Performance discussions offer a valued opportunity for a leader and subordinate to share uninterrupted access to one another, investing precious time to discuss issues that otherwise might not be addressed. The impact of this intense, focused interaction on both parties should not be underestimated. When facilitated well by the leader, the subordinate is recognized for contributions and motivated to strengthen professional competencies that may lead to greater responsibility. For the leader, these discussions provide a chance to clarify expectations and to demonstrate a sustained commitment to the development of people which often inspires them […]

By |September 27th, 2017|Grolistic, Grolistic...No-Excuses Growth Blog|0 Comments

Maximum Output & Human Capital

Bob Schultek
Author of
The Gauntlet

Our capitalistic economy promotes efficient business operation as a means to maximize profit. Operating efficiently means that systems which drive the business processes are performing optimally, with functioning elements synchronized to consistently deliver quality work on time and within established cost standards. All components of the system, including the human assets, perform best under these circumstances, and can sustain targeted output with minimal stress.But since competition drives capitalism, there are times when output must be maximized, disturbing optimal performance, increasing system stress, and degrading components. Under traditional capitalism, the mindset is that parts failing under maximum output can be replaced.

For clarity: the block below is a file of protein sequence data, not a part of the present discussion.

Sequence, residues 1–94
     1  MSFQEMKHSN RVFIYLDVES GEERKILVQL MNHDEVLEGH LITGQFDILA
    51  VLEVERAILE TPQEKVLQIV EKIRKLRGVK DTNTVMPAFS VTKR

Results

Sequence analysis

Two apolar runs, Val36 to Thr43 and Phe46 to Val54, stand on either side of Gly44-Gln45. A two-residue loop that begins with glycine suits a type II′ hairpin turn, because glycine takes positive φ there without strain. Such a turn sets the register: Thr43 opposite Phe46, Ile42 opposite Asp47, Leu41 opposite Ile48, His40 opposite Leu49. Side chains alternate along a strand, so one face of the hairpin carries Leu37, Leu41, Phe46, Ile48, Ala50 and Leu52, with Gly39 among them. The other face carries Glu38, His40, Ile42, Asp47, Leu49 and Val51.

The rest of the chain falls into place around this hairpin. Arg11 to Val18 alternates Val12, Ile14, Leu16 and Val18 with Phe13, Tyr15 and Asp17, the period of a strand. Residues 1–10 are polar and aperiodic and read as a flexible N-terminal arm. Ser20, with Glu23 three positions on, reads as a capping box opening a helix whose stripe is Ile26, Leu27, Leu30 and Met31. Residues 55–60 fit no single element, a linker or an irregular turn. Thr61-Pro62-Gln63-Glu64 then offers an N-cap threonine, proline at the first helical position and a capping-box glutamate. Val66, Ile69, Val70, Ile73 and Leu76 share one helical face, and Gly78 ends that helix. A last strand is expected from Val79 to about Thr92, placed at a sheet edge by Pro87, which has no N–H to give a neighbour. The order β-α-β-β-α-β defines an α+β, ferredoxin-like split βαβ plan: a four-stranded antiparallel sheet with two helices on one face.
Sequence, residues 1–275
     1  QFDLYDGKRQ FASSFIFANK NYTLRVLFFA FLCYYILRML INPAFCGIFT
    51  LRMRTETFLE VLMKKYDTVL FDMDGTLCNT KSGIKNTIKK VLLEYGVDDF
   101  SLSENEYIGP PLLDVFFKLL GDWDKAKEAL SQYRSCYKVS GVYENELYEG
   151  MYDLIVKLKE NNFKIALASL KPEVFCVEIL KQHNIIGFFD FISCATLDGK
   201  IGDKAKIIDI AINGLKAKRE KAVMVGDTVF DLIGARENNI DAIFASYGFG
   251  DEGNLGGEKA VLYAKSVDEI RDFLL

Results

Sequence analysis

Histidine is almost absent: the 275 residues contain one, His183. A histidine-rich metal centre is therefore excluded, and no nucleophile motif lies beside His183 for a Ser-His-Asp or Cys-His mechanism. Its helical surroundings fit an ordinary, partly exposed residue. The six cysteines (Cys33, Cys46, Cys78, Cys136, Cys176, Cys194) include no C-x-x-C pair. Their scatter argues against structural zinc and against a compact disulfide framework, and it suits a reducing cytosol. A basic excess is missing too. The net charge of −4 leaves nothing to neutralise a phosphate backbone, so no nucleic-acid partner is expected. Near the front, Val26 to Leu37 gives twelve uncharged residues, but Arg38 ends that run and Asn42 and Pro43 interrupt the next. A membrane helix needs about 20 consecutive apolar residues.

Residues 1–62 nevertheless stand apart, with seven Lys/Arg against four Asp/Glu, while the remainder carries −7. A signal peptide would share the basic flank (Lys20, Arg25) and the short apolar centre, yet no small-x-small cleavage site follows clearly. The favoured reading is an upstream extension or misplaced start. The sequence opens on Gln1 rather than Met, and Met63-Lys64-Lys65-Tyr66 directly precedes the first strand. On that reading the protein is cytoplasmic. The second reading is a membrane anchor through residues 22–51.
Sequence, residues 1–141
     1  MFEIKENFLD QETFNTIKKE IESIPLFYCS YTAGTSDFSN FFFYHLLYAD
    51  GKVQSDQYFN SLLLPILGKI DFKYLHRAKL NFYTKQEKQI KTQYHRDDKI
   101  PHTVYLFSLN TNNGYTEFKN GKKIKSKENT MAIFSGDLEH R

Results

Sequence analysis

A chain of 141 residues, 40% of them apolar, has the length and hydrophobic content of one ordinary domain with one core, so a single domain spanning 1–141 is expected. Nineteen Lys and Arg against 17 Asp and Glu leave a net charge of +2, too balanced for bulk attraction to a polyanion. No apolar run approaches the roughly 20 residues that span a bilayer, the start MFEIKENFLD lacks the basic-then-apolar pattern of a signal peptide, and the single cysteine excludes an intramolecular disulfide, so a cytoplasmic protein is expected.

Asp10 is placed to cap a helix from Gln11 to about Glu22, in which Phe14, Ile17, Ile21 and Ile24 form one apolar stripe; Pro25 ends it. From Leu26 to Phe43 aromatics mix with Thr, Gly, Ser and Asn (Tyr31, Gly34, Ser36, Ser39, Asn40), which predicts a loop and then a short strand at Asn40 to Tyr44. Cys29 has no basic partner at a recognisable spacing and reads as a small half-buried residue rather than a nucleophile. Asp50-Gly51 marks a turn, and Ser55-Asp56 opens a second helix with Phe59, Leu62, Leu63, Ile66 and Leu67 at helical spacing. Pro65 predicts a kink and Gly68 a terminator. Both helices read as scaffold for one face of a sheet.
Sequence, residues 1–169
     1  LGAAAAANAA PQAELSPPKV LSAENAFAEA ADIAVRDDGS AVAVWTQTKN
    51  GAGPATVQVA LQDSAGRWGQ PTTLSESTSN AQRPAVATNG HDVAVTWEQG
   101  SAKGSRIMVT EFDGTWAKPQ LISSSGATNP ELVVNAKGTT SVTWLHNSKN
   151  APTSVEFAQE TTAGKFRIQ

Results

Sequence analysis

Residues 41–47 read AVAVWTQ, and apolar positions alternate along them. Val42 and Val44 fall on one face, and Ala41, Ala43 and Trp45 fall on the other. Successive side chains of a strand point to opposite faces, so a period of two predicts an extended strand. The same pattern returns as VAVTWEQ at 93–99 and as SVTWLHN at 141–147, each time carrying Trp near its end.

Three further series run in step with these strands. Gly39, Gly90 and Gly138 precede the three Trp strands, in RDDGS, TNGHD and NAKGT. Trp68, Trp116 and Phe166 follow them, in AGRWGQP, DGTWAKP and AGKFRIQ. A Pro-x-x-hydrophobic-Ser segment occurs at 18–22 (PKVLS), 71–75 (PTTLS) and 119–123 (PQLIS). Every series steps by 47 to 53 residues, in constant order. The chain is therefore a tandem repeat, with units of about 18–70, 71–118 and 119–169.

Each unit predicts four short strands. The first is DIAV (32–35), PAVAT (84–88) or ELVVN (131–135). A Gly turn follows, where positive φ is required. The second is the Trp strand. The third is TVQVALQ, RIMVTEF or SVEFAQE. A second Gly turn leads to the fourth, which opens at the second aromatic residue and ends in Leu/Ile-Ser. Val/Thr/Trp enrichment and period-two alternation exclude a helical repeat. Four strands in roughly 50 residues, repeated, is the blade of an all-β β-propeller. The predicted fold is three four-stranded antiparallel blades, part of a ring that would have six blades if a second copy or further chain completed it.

But this notion fails with respect to investments in human capital.  Treating people like they are disposable spawns lasting negative consequences for any business that inhibits a return to optimal performance…poor quality, burnout, loss of purpose, higher personnel turnover.

In an age where substitute materials can be are easily acquired, where access to information is readily available, and where technological advantage cannot long be maintained, people are an organization’s most sustainable competitive advantage. People make the difference for customers and for the business. Allowing the degradation of high performing personnel in times of maximum output compromises the ability of people to make […]

By |September 20th, 2017|Grolistic, Grolistic...No-Excuses Growth Blog|0 Comments

Intimacy and Satisfaction

Bob Schultek
Author of
The Gauntlet

When you last faced a purchase decision, what helped you feel more comfortable with your choice?  What gave you confidence that your judgement was appropriate and correct?

You had worked through the analysis and were satisfied with it…but in retrospect, there was something more that convinced you that your decision was the right one. This level of satisfaction is most often due to a productive experience with your salesperson.

At first, your basic needs were explored…the ones you were prepared to share. But then, the salesperson asked about your business, what you do, why doing it is important to you, and how you try to make a difference for your customers. He or she listened attentively, never distracted, eyes always on yours.

The salesperson then likely shared a bit of his or her story, including why being with you was important; you sensed authenticity in what you heard, with accountability for your satisfaction being mentioned. Next came some additional questions, asked with sincerity and empathy; these inquiries probed beyond your stated needs to discover why the needs you mentioned are valuable to you, how meeting them helps you strengthen your business or provide more value for your customers. There was no pressure to respond; on the other hand, this was […]

By |September 13th, 2017|Grolistic, Grolistic, Grolistic...No-Excuses Growth Blog|0 Comments